John D. Lueck, Inc
…But is it Rape?
Earlier this year, the California Court of Appeals had to determine whether or not a rape occurred when a man entered a sleeping woman’s bedroom and had sex with her, when she thought at the time that the man was her boyfriend. The court held that a rape did not occur, but only because the woman was unmarried. If she had thought she were having sex with her husband instead of her boyfriend, then this bizarre scenario could have resulted in a valid rape conviction under California law.
California’s rape statute, Penal Code section 261, does include rape of an unconscious person where a) the perpetrator is not the spouse of the victim, b) the person at the time is unconscious or unaware of the nature of the act, and c) the perpetrator is aware of this fact. The prosecution in The People v. Morales presented two theories to the jury: 1) that the woman was unconscious/asleep at the time the act occurred; or 2) that the woman was tricked into believing the other person was her boyfriend.
The testimony presented by the prosecution and defense differed over whether the woman was asleep and whether the defendant did anything to actively trick the woman, and it is not known which theory the jury adopted in convicting the defendant. The Appeals Court, however, held that it is not a correct statement of the law that a person could be guilty of rape by impersonating the boyfriend. The court therefore reversed the conviction, since the prosecution’s second theory was erroneous and it was not known if the jury relied on this theory or not.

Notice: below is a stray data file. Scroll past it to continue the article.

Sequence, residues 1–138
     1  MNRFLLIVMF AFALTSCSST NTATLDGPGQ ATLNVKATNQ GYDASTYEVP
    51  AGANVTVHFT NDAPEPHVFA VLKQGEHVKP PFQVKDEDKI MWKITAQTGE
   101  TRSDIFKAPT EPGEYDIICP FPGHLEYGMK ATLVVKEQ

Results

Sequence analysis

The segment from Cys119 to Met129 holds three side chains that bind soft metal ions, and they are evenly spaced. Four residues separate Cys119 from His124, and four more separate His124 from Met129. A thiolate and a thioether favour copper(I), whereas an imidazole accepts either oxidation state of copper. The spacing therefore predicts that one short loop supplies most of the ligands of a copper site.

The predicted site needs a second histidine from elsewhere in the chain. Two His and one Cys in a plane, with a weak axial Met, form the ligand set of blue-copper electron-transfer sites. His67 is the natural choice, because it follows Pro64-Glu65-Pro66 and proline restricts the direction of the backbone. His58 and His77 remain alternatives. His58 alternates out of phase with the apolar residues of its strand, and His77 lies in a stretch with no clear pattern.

Interestingly, if a woman is married, it is rape for another person to have sex with the woman while impersonating her husband. Yet it is not rape if an unmarried woman has sex with a man who is impersonating her boyfriend. This distinction is a result of the way California’s rape statute has evolved over time.
Seek Help From an Experienced Southern California Criminal Defense Lawyer Right Away
Crimes are defined by statute, and every element of a crime must be proven by the prosecution beyond a reasonable doubt before a person can be convicted of a crime. It is important to retain an attorney who understands the law and devotes his full attention to your case, crafting the best arguments for your defense and making sure you are not unfairly convicted for a crime you did not commit. If you have been arrested for rape, unlawful sexual intercourse, or another sex offense in Southern California, contact the Law Offices of John D. Lueck in Rancho Cucamonga for a free consultation regarding your rights and the options available to you.